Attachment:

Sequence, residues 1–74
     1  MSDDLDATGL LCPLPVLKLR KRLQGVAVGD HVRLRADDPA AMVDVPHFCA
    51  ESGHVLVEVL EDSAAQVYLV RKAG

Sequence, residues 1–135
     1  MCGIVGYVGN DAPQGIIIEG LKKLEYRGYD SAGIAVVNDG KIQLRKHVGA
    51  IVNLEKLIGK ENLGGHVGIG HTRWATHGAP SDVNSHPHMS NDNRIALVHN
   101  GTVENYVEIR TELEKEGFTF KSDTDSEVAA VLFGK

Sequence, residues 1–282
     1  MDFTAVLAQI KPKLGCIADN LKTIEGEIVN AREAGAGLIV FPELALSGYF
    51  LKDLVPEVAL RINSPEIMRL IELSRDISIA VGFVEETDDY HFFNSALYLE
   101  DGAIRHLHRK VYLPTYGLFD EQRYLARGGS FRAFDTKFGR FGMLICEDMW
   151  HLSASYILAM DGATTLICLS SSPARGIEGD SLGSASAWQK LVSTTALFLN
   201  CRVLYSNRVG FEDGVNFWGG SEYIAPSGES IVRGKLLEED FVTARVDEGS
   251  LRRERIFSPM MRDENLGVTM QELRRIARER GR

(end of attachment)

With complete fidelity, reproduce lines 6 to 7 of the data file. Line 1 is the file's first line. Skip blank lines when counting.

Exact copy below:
    51  IVNLEKLIGK ENLGGHVGIG HTRWATHGAP SDVNSHPHMS NDNRIALVHN
   101  GTVENYVEIR TELEKEGFTF KSDTDSEVAA VLFGK